I saw a group of young adults outside the grocery store today smoking near the doorway. That experience made me wonder what demographic variables might be associated with this known behaviorial risk. The database of choice for this research project is the Behavioral Risk Factor Surveillance System (BRFSS), an ongoing data collection program designed to measure behavioral risk factors for the adult population. Fortunately, I had previously downloaded the dataset for another research project.
The variables of interest in this study are:
- Smokers, the dependent variable, measured 1 = Yes, 0= No
- Race, a categorical variable, capturing race in two categories: white and non-white
- Education, a categorical variable with four levels of educational attainment: 1) Less than high school, 2) high school diploma, 3) attended college and 4) college degree.
- Income, a categorical variable capturing five levels of income: 1) Less than $15,000, 2) $15,000 to $25,000, 3) $25,000 to $35,000, 4) $35,000 to 50,000 and 5) $50,000 or more
- Age, a continuous variable, capturing the person’s age in years.
The number of observations with complete information equals 380,136.
As the dependent variable is a binary, categorical variable and because we are interested in predicting the probability of smoking, the statistical tool of choice is logistics regression. Smokers was regressed on race, education, income and age.
The model is statistically significant (Prob > chi2 = 0.000) as well as all covariates ( P>|z| = 0.000). To depict the findings I will present a series of graphs which demonstrate the probability of smoking based on the predictor.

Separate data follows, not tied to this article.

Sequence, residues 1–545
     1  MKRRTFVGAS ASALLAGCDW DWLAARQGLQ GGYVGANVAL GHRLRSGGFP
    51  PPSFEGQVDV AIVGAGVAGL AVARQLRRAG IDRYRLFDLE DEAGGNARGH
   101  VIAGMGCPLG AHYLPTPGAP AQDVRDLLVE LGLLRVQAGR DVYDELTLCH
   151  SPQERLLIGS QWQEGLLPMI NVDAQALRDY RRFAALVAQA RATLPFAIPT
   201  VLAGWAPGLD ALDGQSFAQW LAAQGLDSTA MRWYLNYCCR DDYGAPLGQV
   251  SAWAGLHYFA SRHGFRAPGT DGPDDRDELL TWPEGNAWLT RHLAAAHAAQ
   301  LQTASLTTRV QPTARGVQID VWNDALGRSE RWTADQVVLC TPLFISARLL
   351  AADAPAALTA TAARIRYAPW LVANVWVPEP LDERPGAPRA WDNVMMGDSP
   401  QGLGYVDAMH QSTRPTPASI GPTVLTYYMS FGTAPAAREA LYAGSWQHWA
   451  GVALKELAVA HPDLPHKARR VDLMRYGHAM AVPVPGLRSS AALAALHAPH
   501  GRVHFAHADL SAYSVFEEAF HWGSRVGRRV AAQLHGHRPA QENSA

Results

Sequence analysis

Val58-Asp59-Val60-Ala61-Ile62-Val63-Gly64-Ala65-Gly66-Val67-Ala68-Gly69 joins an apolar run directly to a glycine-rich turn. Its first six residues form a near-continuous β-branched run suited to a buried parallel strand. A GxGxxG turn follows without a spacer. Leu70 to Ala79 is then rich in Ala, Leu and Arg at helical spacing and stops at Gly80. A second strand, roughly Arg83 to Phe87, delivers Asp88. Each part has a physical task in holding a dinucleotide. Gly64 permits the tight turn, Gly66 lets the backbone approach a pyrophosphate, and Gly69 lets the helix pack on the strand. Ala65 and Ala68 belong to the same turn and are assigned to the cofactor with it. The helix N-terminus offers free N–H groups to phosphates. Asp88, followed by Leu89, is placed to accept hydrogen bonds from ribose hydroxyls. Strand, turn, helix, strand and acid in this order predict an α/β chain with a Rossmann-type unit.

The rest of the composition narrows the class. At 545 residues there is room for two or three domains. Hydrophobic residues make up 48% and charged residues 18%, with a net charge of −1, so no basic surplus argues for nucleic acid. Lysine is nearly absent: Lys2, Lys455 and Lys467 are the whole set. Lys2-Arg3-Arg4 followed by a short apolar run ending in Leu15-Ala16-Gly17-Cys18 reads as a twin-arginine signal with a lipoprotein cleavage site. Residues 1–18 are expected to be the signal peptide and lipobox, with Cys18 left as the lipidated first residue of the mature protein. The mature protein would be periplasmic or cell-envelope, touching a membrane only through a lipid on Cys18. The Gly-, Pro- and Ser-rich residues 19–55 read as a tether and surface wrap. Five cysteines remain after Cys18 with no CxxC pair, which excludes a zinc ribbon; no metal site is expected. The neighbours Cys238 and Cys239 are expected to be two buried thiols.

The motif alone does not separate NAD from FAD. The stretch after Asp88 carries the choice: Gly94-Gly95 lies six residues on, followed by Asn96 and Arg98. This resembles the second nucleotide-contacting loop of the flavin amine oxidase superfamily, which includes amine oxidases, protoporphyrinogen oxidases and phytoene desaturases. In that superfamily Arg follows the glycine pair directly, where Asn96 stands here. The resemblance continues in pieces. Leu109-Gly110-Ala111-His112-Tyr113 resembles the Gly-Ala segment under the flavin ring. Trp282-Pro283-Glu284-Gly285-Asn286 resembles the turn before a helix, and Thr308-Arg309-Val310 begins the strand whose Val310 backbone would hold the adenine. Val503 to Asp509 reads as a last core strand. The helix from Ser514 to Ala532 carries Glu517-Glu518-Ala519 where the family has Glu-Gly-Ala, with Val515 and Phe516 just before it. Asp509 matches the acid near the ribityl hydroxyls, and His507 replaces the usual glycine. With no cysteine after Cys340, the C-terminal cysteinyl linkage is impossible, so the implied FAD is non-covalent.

It’s observed that as age and educational attainment increase the probability of smoking decreases with the differences in probability narrowing with age.
As age and income increase, smoking probabilities decrease. It’s also observed that probability differences narrow as age increases.
Whites exhibit greater probabilities of smoking then non-whites throughout the age distribution, narrowing as age increases.
D. Ideal Types
Using Max Weber’s concept of an ideal type - an analytical construct that provides an opportunity to make comparative observations - I calculated two ideal types for two individuals at age 40 with the best and worst characteristics associated with chances to become a smoker:
Individual 1 (All the worst characteristics associated with smoking) : Age 40 with less than a high school diploma, an income less than $15,000 and white.
Individual 2 (All the best characteristics associated with not smoking): Age 40 with a college degree, an income in excess of $50,000 and is a non-white.
Individual 1 has a 47% probability of becoming a smoker, compared to individual 2′s probability of only 7%.